For Nora Matty, Christmas normally means two types of celebrations, that stem from both her Danish homeland and Christian Arab parents. But this year, it will mean something completely different to her….
Being born in Denmark by Arabic parents makes Christmas slightly more different than anyone else’s. With Iraqi Christian parents, it is more a party than a meal with family.
This year I have decided to take a different approach to Christmas. I am headed to New York to visit my best friend and to volunteer at either a homeless shelter or as foster carer. As I grew up, I learned that love isn’t necessarily always shared among family members, rather love should be shared with people who rarely feel it. It is about giving back.
Leaving to New York is going to be different. I learned that there are many kids in a big city like New York who don’t have any family members to celebrate with. I actually want to be there not just one time but for them as a contact person in the future. Volunteering is not about working for free, is about inspiring the next generation to become great so humanity can stand together. Any child who has given up deserves to be led into the right direction.
I will miss Christmas in Denmark, the smell of my mother’s food, the laughs that I have with my siblings and the family games that we play. I shall miss the Danish Christmas Eve, where everyone gets to open their presents and enjoy duck or roasted pork with cabbage. They decorate the Christmas tree and sing carols dancing around the tree.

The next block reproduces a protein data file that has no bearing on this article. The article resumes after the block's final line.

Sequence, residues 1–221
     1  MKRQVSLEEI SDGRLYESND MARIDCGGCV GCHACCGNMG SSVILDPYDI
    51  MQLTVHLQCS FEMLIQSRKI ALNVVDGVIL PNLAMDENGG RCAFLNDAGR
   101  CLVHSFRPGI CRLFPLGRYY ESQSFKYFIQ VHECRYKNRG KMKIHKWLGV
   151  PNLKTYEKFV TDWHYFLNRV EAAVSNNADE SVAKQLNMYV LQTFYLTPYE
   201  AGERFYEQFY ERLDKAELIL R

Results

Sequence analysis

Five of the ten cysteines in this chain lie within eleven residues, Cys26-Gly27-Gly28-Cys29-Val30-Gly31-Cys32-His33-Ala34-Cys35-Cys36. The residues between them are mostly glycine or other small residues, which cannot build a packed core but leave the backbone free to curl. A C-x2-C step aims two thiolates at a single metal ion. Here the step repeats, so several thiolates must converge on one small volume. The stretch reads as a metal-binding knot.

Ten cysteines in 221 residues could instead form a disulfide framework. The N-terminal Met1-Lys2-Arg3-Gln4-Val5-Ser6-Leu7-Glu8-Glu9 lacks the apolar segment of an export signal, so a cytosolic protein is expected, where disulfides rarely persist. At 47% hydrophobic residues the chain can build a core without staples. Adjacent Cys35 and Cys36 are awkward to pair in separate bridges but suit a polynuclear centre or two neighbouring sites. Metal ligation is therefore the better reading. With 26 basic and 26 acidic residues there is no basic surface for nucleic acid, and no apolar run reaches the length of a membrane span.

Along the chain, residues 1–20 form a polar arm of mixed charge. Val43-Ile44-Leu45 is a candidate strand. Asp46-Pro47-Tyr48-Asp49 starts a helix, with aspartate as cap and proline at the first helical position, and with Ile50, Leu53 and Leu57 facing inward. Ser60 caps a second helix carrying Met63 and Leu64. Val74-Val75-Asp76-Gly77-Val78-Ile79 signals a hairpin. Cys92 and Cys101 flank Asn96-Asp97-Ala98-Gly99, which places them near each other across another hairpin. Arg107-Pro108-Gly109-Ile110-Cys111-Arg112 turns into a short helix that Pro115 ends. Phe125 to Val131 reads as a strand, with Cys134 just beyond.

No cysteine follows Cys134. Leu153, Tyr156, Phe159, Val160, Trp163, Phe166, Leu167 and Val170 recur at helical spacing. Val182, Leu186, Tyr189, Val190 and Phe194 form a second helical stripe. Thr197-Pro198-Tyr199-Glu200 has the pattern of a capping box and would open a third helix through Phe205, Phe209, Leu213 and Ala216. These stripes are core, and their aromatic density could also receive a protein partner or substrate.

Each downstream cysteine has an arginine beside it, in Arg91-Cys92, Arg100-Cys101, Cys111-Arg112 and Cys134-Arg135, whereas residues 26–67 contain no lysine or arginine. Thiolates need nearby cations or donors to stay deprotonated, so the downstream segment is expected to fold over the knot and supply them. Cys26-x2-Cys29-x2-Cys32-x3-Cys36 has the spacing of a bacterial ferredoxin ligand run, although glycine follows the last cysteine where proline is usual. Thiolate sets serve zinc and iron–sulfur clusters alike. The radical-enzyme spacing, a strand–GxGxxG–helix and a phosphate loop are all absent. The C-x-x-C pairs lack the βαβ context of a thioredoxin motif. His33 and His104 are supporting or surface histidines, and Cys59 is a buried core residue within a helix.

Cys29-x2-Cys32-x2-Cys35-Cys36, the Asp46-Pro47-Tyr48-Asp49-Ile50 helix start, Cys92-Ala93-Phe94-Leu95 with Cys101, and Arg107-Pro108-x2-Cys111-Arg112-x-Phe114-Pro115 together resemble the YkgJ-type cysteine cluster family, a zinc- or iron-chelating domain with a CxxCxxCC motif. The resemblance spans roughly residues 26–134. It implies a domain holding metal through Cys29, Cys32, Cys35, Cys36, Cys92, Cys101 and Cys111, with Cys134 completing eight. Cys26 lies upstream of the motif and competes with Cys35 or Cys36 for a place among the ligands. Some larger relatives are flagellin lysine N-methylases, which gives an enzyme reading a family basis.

Christian Arabs celebrate Christmas on the actual day. You wake up and head to church as a starter, meet and greet everyone then go home to get ready for a huge Christmas Party, where the whole Christian community attend.
Coming from an Arabic family, Christmas is a lot about decorating and getting presents. Even though we go to church every year, it is more about just spending time with family and expensive presents.
Because I am blessed to have two cultures for the holidays, I wanted to pass on the spirit. Unfortunately, many kids in the city are lost as soon as they turn 18 and leave the foster care. This has got to change. Even if celebrating one Christmas with them might not change, it perhaps will give them an idea of what it could be for them if they focused on what they have rather than what they don’t-
As much as my Mother hates that I won’t be with them for Christmas this year, I am satisfied with the fact that I will do something meaningful to someone who might not have had a nice Christmas for a while.
In my 24 years of living, I have learned that Christmas to me is not about receiving. It’s about giving back.